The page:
How the camera footage looks is only one element within the decision matrix. Maybe they got a better deal on several PDW700 . Since this is a long running show I guess they would like to keep things consistent camera-wise before jumping to a newer camera every odd year since they are most likely heavily invested on that ecosystem (Discovery Channel's marketing department probably appreciates this a lot as well).
There are certain storytelling objective truths. Just like basic lines, shapes, and geometric forms provide the basis to aesthetics, I believe there are certain guidelines that provide structure to stories. I am all for the "punishment should fit the crime" approach to filmmaking if you want to go that way. However, unwarranted deaths happen all the time in real life and movies should be allowed to reflect that. In this case, I do believe that horrific death did serve a purpose. It set the tone for the off-screen genocide of thousands of people who were there. It also establishes how out of place humans are in the dinosaur food chain/environment (or why nature was wise enough not to have humans share dinosaurs' timeline). In the end, I think this is a futile exercise of nitpicking a film about a dinosaur amusement park.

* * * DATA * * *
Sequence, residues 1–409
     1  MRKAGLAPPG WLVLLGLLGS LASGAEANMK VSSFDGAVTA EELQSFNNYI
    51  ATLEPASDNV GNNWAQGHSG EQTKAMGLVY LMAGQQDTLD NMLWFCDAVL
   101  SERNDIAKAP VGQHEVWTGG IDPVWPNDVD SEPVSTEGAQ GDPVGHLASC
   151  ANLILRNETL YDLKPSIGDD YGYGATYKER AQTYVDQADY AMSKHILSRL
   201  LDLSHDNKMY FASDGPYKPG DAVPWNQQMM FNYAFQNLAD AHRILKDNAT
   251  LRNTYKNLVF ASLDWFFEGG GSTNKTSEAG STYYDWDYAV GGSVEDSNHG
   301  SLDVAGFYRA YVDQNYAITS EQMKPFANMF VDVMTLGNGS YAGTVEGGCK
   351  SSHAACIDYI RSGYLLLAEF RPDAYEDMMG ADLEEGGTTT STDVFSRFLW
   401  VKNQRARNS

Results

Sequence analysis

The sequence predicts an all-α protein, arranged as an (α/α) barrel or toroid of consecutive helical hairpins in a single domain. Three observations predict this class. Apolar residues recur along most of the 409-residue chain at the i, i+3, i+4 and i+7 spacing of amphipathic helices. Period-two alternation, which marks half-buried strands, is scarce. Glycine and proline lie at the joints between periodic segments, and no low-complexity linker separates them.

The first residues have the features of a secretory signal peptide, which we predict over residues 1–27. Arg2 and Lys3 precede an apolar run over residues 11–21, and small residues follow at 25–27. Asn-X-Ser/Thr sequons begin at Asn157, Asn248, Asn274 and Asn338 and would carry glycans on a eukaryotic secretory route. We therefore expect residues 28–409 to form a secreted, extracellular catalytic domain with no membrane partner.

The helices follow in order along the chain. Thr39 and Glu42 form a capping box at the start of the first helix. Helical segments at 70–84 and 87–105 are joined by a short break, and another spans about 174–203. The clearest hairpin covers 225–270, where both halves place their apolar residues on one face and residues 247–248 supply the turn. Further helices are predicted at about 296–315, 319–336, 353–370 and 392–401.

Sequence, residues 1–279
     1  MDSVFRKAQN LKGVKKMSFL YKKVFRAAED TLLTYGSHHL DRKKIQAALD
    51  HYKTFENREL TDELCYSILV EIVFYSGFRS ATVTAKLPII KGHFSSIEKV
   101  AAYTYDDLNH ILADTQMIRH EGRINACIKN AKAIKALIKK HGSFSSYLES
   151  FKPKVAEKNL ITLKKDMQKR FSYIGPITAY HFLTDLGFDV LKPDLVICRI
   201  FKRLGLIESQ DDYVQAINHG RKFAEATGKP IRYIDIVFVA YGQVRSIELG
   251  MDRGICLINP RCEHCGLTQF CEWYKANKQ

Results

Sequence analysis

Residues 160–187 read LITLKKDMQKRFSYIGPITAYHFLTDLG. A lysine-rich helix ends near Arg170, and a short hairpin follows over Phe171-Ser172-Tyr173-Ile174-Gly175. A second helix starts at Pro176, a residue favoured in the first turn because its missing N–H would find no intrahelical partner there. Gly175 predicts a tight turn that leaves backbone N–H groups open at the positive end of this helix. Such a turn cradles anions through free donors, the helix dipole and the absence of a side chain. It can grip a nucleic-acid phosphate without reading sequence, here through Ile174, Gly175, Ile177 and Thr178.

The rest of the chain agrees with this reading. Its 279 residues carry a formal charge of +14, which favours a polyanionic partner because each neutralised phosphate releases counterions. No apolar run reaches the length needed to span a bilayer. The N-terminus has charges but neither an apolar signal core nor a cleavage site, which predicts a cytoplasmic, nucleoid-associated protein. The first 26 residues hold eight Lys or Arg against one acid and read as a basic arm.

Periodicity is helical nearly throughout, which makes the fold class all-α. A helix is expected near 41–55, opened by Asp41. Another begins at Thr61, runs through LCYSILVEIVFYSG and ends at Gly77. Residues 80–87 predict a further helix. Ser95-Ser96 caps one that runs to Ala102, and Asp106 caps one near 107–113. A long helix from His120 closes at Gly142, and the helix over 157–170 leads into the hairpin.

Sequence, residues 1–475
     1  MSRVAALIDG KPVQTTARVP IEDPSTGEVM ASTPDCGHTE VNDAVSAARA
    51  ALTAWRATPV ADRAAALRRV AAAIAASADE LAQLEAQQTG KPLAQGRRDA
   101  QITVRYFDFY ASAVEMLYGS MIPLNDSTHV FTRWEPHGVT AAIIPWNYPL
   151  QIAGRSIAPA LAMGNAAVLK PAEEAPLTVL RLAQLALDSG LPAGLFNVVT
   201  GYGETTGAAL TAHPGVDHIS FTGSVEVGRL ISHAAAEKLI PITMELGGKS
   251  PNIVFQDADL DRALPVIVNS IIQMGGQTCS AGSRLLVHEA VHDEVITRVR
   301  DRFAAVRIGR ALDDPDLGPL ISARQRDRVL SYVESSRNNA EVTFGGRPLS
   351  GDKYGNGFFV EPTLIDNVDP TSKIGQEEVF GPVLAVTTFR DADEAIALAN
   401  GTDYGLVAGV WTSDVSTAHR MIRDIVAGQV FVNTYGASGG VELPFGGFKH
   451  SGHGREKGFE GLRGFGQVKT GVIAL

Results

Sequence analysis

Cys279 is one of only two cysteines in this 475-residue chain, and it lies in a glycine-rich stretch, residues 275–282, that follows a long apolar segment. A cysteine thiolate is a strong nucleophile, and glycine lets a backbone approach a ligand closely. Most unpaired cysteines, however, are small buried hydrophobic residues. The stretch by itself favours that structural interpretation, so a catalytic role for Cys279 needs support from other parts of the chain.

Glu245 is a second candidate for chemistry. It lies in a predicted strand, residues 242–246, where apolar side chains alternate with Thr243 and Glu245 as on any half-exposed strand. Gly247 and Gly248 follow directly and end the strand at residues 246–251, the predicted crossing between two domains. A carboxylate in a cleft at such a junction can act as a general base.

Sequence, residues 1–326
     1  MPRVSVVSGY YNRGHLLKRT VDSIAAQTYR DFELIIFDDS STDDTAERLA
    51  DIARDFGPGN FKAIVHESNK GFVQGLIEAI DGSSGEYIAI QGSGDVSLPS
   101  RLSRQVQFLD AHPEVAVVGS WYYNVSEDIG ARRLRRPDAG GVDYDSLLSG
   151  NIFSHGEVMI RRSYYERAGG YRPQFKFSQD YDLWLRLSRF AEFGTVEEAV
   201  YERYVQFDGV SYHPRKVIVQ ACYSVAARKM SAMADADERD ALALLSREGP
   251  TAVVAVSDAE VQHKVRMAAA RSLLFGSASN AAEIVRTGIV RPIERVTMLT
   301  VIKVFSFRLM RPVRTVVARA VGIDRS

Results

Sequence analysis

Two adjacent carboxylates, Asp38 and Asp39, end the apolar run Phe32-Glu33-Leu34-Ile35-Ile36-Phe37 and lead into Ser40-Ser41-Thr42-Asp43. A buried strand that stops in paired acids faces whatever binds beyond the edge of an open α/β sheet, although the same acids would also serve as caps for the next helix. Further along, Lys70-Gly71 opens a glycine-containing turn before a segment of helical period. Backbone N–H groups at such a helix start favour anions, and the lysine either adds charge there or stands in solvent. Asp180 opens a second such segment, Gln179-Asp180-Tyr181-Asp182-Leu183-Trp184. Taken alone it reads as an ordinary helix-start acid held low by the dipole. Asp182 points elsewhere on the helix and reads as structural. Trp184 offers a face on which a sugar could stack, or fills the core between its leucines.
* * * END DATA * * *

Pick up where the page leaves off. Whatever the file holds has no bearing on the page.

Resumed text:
I would be willing to at least consider it. Funny thing is that roughly five years ago we were drooling/demanding a fixed lens red scarlet camera with a 2/3" sensor for $4,000, today it just feels dated. However, if it has a good internal codec, variable frame rates (doubt it), and comes at around $1,000 I believe there could be a market for it.